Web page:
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Lorain County Ohio

Myths and Legends of Central U.S. and Great Lakes
Early History Ionia Michigan
Captured by The Indians Mrs. Mary Rowlandson
Centennial History Muskegon Michigan
Life In The Copper Mines of Lake Superior
Campbell County Tennessee
Auglaize County Ohio
Ottawa County Kansas
Carroll County Tennessee
Among the Arapahoe Indians
Aborigines and Explorers of Butler County Pennsylvania
Indian Boyhood Life and Adventures
History of White Earth Indian Reservation in Minnesota
Captivitiy Among the Sioux 1862
Early Settlers of Clark County Illinois
Ellis County Kansas
Inkpaduta Indian Massacre
Ute Indian Massacre 1879
Carter County Tennessee
Sioux Indian Massacre New Ulm Minnesota
Indians of Genesee County Michigan
Indians of Long Island New York
Coffee County Tennessee
Lorain County Ohio
Traditions of Blackfeet Indians
Indian Massacre Cherry Valley New York
Goodhue County Minnesota History
Wellsboro Pennsylvania History
Woodbury County Iowa
Pioneer Life Genesee County Michigan
Columbus Ohio Flood 1913
Giles County Tennessee
Decatur County Tennessee
Jewell County Kansas
Farmington Maine
Jefferson County Nebraska
Pioneer Life Near Dearborn Michigan
Holyoke Massachusetts
Orleans County New York
Hamilton County Ohio
Greenwood County Kansas

History of Lorain County Ohio

Extracted from Historical Collections of Ohio - By Henry Howe - Vol. I – 1888.

 42 pages



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and succeeded in killing one deer and three bears.  One of the bears was remarkably large and fat.  All hands turned out the next morning to bring in the meet. 


" 'During the winter a party of four went out to the borders of Pennsylvania to procure horses and scalps, leaving the same number in camp to provide meat for the women and children.  They returned towards spring with 2 scalps and 4 horses.  After the departure of the warriors we had hard times, and though not out of provisions, we were brought to short allowance.  At length TONTILEAUGO had fair success, and brought into camp sufficient to last ten days.  The TONTILEAUGO then took me with him in order to encamp some distance from the winter cabin.  We steered south up the creek ten or twelve miles and went into camp.' "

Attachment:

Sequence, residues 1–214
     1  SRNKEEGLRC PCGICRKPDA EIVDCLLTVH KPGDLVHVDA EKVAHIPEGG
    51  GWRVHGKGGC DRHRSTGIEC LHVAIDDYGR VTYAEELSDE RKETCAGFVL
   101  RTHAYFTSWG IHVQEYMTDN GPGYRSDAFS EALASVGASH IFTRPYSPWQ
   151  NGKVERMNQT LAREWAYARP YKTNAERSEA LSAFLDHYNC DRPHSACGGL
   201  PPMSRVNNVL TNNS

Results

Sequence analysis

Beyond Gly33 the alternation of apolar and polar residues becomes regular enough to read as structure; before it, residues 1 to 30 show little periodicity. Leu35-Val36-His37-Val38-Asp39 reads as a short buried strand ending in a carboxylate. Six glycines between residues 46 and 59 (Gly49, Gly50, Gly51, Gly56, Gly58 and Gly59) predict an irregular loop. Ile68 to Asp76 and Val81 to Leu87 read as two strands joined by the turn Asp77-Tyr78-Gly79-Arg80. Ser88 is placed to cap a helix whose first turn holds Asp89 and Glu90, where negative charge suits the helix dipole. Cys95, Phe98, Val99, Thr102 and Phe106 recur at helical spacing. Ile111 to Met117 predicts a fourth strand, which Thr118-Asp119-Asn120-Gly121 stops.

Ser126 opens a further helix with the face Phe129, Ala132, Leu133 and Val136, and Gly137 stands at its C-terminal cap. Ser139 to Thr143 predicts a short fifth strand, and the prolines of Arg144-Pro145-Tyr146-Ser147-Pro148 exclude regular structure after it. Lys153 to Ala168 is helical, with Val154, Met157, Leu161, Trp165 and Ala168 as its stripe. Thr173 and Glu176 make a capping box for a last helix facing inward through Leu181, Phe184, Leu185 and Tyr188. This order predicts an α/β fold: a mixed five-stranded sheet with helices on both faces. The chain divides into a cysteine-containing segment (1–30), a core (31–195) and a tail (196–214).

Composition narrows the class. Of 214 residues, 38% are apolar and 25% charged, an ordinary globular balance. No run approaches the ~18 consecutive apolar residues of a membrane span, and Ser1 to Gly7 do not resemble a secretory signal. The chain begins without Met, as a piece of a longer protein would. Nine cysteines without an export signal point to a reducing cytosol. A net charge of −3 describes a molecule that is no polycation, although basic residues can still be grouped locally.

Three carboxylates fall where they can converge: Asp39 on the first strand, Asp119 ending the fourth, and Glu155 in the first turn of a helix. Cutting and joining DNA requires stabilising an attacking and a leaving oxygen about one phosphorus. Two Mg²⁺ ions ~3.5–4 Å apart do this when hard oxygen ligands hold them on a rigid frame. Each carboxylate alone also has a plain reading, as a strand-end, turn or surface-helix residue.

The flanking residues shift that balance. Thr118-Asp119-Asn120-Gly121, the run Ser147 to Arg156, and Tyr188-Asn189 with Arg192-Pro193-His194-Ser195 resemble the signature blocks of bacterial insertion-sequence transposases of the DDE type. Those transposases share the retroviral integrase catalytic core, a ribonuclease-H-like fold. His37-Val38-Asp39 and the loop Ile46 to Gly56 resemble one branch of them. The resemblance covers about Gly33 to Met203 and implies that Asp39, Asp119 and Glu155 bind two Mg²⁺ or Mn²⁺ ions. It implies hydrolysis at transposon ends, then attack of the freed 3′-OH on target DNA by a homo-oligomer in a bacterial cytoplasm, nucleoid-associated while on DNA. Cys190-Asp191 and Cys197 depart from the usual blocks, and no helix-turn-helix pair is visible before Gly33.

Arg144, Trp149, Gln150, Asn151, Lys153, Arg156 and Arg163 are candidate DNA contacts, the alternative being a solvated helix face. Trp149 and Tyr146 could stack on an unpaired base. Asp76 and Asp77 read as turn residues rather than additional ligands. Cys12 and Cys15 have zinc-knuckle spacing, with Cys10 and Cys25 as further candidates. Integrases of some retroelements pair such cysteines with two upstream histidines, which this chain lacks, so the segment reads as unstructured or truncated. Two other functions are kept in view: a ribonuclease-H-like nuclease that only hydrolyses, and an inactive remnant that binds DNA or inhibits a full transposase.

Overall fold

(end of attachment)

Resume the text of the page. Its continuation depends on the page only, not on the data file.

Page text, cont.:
Elyria founded. - In the spring of 1817




Heman ELY, of West Springfield, Mass., being the possessor of 12,500 acres of land lying around the falls of Black river, originally the property of the Connecticut Land Company, came out to make preparations for settlement.  He had built a dam and erected a grist and saw-mill on the east branch, near the foot of the present Broad street, Elyria.  He also had built a log-house where were boarded the men engaged in the construction of the mills. 


Returning home, he sent, about the 1st of January, from Massachusetts, three men with axes in their hands, to commence clearing land.  They made the entire distance, 600 miles, on foot, and before Mr. ELY arrived in March, they made quite a hole in the woods. 


The township of Elyria was organized in 1819, and included the present township of Carlisle, and named by adding to Mr. Ely's named the sole "ria," suggested by the great Greek name Illyria.  It was wrongly stated in our first edition that this termination was


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